And now for my regularly scheduled post! A few weeks ago I read a fun book by Maureen B. Adams, Shaggy Muses: The Dogs Who Inspired Elizabeth Barrett Browning, Emily Bronte, Emily Dickinson, Edith Wharton, and Virginia Woolfe. While not exactly deep. ground-breaking scholarship, I loved the way it illuminated this aspect of the writers’ lives, their very different relationships to their pets, and how their dogs provided not just companionship and distraction, but grounding during times of intense creativity and psychological upheaval.
Elizabeth Barrett Browning’s spaniel Flush seemed to be a sort of conduit for her own emotions when she was confined to home as an “invalid”; in letters she often ascribed her own feelings to Flush, and thus made them safe to express. But he also made her feel more empowered when he was kidnapped by a band of evil dognappers and she went out herself and got him back! (I HATED those dognappers). Luckily for Flush, he got to end his life in Italy, running around the piazza with all the wild Italian dogs.
Emily Bronte’s mastiff, Keeper, was weird dog for a fascinatingly weird person. He was enormous and often bad-tempered, fighting with the village dogs and such. But he wandered the moors with Emily at all hours, and was sweet as a kitten when she subdued him by beating him up when he got on the parsonage furniture. (Her sister Anne had a small spaniel, Flossy, who it seems was allowed to get on the furniture with impunity…) Keeper stayed close to Emily as she was dying, followed her funeral cortege to the church, and then spent the rest of his life lying outside her empty bedroom door.
Emily Dickinson also possessed a very large dog (“as big as myself,” she wrote in a letter), a Newfoundland named Carlo that her father bought her for protection. He was too gentle for that, but he proved an excellent, laid-back, affectionate companion for the Very Intense poet. In my Google searches, I found that the Emily Dickinson House in Amherst even has Carlo Look-Alike Contests once a year!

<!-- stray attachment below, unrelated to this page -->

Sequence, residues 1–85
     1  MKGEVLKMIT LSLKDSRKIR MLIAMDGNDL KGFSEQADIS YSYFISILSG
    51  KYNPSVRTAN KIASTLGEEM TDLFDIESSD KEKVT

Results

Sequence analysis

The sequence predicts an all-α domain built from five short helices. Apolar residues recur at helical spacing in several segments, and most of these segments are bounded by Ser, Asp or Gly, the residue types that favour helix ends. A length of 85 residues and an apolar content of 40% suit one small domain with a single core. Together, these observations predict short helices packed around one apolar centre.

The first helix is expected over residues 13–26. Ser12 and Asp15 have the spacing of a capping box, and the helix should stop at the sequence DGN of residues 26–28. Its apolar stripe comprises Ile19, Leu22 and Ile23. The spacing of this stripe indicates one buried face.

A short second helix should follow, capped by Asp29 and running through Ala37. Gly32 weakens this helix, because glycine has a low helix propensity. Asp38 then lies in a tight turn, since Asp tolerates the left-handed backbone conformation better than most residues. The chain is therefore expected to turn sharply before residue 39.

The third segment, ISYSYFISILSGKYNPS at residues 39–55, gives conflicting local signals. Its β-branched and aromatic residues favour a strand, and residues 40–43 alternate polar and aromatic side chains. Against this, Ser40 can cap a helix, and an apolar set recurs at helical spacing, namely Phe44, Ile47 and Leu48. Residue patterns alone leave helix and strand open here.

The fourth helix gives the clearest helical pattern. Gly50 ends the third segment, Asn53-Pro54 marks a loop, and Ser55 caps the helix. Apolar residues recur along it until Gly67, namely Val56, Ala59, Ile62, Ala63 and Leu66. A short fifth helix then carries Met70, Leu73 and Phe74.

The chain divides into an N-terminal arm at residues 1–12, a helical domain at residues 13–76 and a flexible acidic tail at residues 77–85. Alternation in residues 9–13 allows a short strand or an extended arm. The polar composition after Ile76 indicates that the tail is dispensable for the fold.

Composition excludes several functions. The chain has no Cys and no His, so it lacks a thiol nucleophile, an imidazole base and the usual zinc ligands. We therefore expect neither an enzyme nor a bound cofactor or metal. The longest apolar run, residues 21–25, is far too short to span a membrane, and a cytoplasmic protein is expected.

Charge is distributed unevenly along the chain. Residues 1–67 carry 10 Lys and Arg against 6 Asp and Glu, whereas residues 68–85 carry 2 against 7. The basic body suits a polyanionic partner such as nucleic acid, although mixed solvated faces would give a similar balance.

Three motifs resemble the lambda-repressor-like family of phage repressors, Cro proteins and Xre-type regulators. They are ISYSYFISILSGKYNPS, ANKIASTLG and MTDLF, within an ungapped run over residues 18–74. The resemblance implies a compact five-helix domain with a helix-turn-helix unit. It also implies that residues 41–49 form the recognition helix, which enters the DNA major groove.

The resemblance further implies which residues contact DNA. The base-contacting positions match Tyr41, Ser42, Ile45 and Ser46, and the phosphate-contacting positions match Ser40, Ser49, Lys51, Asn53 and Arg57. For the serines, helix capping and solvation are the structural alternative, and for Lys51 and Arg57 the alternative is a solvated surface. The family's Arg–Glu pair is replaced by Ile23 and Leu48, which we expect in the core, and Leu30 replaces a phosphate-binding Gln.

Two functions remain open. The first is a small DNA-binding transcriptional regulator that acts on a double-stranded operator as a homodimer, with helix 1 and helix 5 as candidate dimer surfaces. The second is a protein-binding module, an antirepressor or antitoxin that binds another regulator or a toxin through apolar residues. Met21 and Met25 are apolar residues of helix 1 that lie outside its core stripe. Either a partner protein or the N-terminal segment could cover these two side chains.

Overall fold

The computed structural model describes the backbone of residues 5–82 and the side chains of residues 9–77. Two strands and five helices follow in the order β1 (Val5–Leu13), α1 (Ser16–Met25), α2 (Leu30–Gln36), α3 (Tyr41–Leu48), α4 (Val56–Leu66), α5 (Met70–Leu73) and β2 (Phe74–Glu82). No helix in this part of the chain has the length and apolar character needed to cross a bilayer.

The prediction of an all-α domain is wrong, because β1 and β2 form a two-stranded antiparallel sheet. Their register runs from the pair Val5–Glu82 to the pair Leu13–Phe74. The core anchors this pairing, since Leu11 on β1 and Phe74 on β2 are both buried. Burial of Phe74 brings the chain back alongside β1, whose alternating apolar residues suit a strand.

Edith Wharton, on the other hand, had a pack of very tiny dogs, Papillons and Chihuhuas and Pekinese. Link was the last one, and he often sent invitations and letters in his own name to Edith’s friends and guests. They traveled everywhere with her, a little, dancing, yapping pack.
Virginia Woolfe’s attitude toward dogs seems to have been more prosaic than Wharton’s! They weren’t like her “babies,” they often ran off or got into trouble, but they were still an important part of her life. Most of them seem to have been large hounds or mutts, but there was one expensive spaniel, a gift of her lover Vita Sackville-West. Woolfe even wrote Flush: A Biography about Barrett Browning’s dog!
So, if you love pets and poetry as I do, this is a fun book! I showed some of the illustrations to my own dogs (Victoria the Pug, and Abigail the poodle) and they enjoyed it immensely. Though they now want to travel all over Europe with me, as Wharton’s dogs did. ðŸ™‚ I suppose I can’t say my dogs are my “muses”–I’ve never written a story about a bluestocking poodle falling in love with a French poodle comte, for instance. But they ARE a huge comfort when I’m blocked in a story and feel like I Will Never Write Again, or when I’ve gotten a bad review and am feeling down. They sit on my lap and give me kisses, assuring me that they love me and think I am a great writer and fabulous mommy no matter what that nasty reviewer says. I couldn’t do without them.
Do you have your own pets? Or know any good Pets In History stories (I always love those!)?
Happy Saturday! Take your dogs for a nice long walk (maybe not your cats, though–my cats would never let me put a leash on them, but they are excellent companions and comforts, too)